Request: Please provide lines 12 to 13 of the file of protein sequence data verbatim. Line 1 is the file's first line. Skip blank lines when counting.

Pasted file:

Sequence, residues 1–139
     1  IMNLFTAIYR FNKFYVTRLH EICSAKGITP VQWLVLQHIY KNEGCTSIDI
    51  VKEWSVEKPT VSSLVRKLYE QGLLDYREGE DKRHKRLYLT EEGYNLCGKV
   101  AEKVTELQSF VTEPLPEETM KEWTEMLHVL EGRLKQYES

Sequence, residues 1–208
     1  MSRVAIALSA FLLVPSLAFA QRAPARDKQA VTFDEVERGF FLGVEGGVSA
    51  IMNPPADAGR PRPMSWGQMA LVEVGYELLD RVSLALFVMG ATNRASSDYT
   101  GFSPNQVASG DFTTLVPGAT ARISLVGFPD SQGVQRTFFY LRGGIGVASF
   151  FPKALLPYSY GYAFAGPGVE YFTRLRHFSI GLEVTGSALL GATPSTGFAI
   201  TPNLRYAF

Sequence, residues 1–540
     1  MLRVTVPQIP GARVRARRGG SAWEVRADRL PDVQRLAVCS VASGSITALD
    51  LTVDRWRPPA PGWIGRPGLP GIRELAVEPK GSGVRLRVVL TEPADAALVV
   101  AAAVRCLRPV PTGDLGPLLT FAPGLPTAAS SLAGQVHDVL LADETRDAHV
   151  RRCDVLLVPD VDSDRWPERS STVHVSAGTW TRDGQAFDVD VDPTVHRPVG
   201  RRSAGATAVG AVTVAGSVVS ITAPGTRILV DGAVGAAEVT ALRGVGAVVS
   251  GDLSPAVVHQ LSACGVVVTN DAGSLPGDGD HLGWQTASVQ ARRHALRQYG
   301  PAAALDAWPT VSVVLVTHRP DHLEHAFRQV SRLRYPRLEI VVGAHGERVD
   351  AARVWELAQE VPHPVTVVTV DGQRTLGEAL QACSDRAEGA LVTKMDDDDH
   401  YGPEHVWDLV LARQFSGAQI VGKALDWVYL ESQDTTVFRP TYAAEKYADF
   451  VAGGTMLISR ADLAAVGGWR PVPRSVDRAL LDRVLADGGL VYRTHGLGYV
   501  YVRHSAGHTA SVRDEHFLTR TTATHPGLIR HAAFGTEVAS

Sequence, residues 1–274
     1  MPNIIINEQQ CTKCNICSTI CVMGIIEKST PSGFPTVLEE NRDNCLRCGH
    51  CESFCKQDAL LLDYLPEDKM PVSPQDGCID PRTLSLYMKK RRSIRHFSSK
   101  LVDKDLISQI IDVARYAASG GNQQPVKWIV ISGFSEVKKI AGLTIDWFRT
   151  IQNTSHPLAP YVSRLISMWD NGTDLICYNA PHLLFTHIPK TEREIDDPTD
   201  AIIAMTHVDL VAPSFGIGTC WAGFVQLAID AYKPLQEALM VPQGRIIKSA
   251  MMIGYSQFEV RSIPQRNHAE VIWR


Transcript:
     1  MLRVTVPQIP GARVRARRGG SAWEVRADRL PDVQRLAVCS VASGSITALD
    51  LTVDRWRPPA PGWIGRPGLP GIRELAVEPK GSGVRLRVVL TEPADAALVV